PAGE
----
In the beginning stages of developing the GlaStar we set goals for performance, weight, build time (don’t laugh—the industry’s come a long way from 15 year homebuilt projects!), cost, quality and other desirable features. If we miss the mark on a particular category, we can sometimes make changes to achieve the goal, but it takes determination and perseverance. As with our human bodies, when the airframe weight comes in heavier than desired, it is a very difficult task to go back and find ways to lose weight. Some decisions can result in saving pounds, but there are a lot of areas to save many ounces, which add up to pounds.
Building your own kit aircraft is similar to designing a prototype because there are no two GlaStars built the same. Sure, there are many parts the same which makes all GlaStars look alike, but why do the finished products weigh anywhere from 1150 lb to over 1400? The problem is that most builders do not have much of an idea what the finished product is going as they are building it. Maybe there is wishful thinking and hope that it won’t come in too heavy when weighed, but not much in the way of goal setting and careful calculation for each option added.
Here are some suggestions I hope you find helpful to achieve the desired weight and performance with your own finished ‘Star.
Define your motivation and mission
Some people plan a vacation far enough in advance that they can get in physical shape by the time they go, especially if they are going to be seen in a bathing suit. Use the same psychology before starting the assembly of your plane. Set in your mind the kind of mission and performance you wish to achieve, and let that be the motivation for the target weight. In my case, I’ve been bitten by the bug to go on hunting and fly fishing safaris to British Columbia and the wild country of Alaska, and since my (eventual) GlaStar will be periodically on floats, I want it to be as light as it can be.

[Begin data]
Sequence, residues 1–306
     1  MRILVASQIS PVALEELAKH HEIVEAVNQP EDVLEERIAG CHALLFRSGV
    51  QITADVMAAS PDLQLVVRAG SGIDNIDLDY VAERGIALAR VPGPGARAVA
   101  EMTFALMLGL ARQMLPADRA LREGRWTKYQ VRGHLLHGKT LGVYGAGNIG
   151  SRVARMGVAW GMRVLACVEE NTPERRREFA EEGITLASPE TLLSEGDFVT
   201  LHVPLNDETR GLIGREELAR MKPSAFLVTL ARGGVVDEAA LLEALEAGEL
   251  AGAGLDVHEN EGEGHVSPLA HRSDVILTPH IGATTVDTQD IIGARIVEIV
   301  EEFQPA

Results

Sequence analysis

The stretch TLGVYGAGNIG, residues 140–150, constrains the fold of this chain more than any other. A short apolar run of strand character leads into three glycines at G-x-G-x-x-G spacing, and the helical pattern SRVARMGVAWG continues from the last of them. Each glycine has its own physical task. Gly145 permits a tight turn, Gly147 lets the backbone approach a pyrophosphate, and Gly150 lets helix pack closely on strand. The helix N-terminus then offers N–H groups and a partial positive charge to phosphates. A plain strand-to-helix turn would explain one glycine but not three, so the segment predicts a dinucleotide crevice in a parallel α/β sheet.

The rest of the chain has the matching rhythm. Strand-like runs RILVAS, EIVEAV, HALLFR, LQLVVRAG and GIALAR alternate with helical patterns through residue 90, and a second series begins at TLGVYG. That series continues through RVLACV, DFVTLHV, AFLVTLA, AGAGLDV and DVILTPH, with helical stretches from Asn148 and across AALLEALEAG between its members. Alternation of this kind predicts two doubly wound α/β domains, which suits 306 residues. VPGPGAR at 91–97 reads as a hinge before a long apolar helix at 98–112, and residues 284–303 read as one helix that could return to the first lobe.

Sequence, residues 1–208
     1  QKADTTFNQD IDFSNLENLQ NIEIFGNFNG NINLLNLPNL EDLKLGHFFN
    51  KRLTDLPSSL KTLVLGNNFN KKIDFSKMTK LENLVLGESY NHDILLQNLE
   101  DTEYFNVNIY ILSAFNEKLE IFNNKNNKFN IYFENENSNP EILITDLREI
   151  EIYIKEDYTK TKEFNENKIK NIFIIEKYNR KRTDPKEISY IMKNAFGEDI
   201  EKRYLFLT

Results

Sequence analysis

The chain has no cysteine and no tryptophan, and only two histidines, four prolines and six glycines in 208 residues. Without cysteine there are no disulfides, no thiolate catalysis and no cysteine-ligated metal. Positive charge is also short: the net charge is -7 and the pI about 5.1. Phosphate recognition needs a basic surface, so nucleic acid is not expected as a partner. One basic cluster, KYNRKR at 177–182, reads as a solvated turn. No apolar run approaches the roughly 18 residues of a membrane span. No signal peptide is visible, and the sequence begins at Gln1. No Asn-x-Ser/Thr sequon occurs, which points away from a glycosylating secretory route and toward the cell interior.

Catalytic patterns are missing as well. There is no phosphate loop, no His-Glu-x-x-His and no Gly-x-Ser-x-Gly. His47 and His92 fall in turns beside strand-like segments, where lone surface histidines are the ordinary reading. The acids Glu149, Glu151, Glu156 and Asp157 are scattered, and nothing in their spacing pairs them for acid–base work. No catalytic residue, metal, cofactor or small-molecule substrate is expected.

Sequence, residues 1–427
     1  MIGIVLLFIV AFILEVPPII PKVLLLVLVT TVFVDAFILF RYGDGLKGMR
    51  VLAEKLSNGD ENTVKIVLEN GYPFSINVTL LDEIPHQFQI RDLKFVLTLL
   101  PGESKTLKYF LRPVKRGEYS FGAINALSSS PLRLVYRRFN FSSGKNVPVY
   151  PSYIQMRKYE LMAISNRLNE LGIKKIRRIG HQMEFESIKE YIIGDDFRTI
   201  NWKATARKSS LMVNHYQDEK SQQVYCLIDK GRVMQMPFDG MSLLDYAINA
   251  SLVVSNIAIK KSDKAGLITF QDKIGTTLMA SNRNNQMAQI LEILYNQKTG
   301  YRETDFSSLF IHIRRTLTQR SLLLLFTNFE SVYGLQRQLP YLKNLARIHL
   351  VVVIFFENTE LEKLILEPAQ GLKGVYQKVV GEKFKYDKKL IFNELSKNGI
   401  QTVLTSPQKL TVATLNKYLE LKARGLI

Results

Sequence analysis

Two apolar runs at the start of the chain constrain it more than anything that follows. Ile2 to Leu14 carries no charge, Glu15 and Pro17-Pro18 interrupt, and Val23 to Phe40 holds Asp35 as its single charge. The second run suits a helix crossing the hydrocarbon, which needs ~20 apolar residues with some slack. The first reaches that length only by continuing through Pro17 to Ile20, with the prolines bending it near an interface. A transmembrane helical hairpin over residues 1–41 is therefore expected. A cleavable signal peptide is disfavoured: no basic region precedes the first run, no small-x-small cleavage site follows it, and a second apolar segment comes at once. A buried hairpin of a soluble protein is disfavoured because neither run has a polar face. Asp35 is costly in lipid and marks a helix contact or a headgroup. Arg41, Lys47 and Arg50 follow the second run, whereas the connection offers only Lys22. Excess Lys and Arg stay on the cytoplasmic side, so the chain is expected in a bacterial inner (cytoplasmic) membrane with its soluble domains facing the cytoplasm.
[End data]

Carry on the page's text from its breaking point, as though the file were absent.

Everyone’s mission won’t be the same, but to get maximum performance, weight should be high on everyone’s priority list.
Maybe you live in the Midwest and your mission is to fly IFR, and you want long range and an autopilot. Well, you will be packing extra weight with a heavy panel, aux. tanks and autopilot installation, but don’t need 180 h.p. because your typical flight won’t involve climbing mountains. In this case an 1150 or 1200 lb empty weight may be unrealistic, but with a 160 h.p. engine, lightweight starter and alternator, and lightweight interior, you could still shoot for 1230 to 1250 lb.
Define the variables and add up the weights Variables are the things (options) you add to the project. Once you define the mission in step 1, make a list of the options you need and another list of the options you desire and keep a scale handy in the shop.
|Engine 160 h.p.||180 h.p.|
|Prop fixed pitch||Hartzell C.S.|
|30 gal fuel||50 gal fuel|
|Flight instruments||IFR instrumentation|
|Avionics, (GPS com.)||IFR avionics|
|Rudder pedals||Cast aluminum type|
|Single brakes||Dual brakes|
|Exterior paint||Paint inside and out|
After making a list like this one, but more detailed, calculate the weight difference between the needed items and the desired ones. If the total calculated weight exceeds your target weight, start dropping some of the desired options or get creative on where to save weight in other areas.
Don’t dismiss the ounces
It could be a disappointing mistake if you think you are doing a great job with saving 12 lbs on engine choice, 15 lbs without aux. tanks and ignore the myriad of little places weight gets added one or two ounces at a time. I’ve outlined some areas here that I believe account for the disappointment at the end of the project. You don’t want to be asking yourself, “Where in the name of Pete did that extra 70 lbs come from? I figured my empty weight was going to be somewhere around 1265—not 1335 or 1400!”